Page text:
PETA Urges Texas Professor Living in Dumpster to Go Vegan

PETA Urges Texas Professor Living in Dumpster to Go Vegan

For Immediate Release:
February 10, 2014

David Perle 202-483-7382

Austin, Texas

This morning, PETA sent a letter to Jeff Wilson, Ph.D., associate professor of biological sciences at Huston-Tillotson University in Austin, Texas, who has recently been dubbed “Professor Dumpster,” urging him to add going vegan to his decision to live in the dumpster that he has decided to call home for a year. Wilson—who earned his doctorate at Harvard—has taken the extreme measure to demonstrate the need for people to adopt more sustainable lifestyles or run the risk of using up the Earth’s resources.

In its letter, PETA points out that prestigious institutions—including the United Nations and the Stockholm International Water Institute—have determined that a shift to a plant-based diet is vital for everything from slowing climate change to feeding the world’s growing population. As an example, cattle consume 17 times more calories in grain than they produce as meat.

“With so many delicious and Earth-friendly meat-, dairy-, and egg-free foods available, no one has to live in a dumpster to help save the planet,” says PETA Special Projects Manager Alicia Woempner. “And because meat-eaters are more prone to life-threatening conditions such as heart disease, diabetes, and obesity, Dr. Wilson can help ensure his own sustainability simply by going vegan.”

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PETA’s letter to Dr. Jeff Wilson follows.


February 10, 2014


Dr. Jeff Wilson
Executive Director
The Dumpster Project


Dear Dr. Wilson:

I’m writing on behalf of People for the Ethical Treatment of Animals (PETA) and our more than 3 million members and supporters, including thousands across Texas. As an organization that works hard to raise awareness of the devastating impact of the animal-agriculture industry on our environment, we applaud your efforts to promote sustainable living. I’d also like to urge you to go vegan and encourage your students to do the same, since cutting out resource-intensive meat, egg, and dairy foods is the best thing that we can all do to protect the planet and animals.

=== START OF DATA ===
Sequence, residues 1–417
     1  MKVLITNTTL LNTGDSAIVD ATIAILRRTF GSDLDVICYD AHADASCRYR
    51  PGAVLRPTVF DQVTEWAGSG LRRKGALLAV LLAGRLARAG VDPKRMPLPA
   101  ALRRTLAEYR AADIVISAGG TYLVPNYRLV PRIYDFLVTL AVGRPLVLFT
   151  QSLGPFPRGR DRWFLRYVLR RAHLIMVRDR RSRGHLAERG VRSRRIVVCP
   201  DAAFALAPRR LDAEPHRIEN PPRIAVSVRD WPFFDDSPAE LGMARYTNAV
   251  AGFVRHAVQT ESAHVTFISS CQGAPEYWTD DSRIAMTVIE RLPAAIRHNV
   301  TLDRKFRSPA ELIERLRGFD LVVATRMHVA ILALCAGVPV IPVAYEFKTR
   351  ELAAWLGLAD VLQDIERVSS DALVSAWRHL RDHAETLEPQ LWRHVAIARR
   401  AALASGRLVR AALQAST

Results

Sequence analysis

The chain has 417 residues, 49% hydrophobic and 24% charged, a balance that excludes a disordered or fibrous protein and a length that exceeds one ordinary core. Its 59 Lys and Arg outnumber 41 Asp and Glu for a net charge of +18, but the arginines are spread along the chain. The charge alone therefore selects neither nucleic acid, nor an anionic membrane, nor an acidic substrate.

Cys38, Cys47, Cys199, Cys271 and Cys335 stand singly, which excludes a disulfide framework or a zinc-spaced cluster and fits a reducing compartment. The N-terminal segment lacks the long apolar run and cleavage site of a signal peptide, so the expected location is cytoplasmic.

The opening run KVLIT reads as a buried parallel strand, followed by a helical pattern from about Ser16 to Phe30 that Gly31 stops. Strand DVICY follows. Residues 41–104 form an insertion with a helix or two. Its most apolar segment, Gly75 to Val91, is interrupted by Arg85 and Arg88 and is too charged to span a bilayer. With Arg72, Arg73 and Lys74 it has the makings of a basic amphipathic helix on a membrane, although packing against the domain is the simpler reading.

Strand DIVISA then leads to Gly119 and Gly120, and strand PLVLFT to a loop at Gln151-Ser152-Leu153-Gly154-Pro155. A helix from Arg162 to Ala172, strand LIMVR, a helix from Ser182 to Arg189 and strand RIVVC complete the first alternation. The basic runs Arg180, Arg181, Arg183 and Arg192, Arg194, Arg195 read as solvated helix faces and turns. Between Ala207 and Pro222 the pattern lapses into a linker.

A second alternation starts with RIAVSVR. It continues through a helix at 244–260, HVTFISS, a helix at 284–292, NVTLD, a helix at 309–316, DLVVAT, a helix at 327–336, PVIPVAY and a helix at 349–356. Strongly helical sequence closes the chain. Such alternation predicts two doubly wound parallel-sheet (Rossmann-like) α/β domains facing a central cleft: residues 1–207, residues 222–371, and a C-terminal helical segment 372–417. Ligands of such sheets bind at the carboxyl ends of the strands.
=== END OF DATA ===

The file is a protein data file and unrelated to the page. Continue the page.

Raising and killing animals for food is simply unsustainable. The United Nations has stated that a global shift to a vegan diet is vital in order to combat the worst effects of climate change, and the Stockholm International Water Institute warns that transitioning to a plant-based diet is the only way to feed the world’s growing population. Eating meat wastes valuable resources. It takes up to 13 pounds of grain and 2,500 gallons of water to produce just a pound of meat. And it takes 18 times more land to produce 1 pound of chicken than it does to produce 1 pound of high-protein, cholesterol-free vegan “chicken.”

In addition to trashing the planet, the meat, dairy, and egg industries cause untold amounts of animal suffering. Chickens, for example, are crammed into filthy, ammonia-filled sheds for the majority of their short lives before they are packed into trucks for transport through all weather extremes to slaughter, during which they have their throats cut while they’re still conscious and are often scalded to death in defeathering tanks.

All of us can help the environment without giving up our comfortable homes or favorite foods, simply by going vegan. Major grocery stores are stocked with delicious vegan foods—from meat-free sausages to plant-based milks made from almonds, rice, or soy—that can be stored safely, without any need for energy-intensive refrigeration.

Thank you for your consideration.


Marta Holmberg
Director of Youth Outreach

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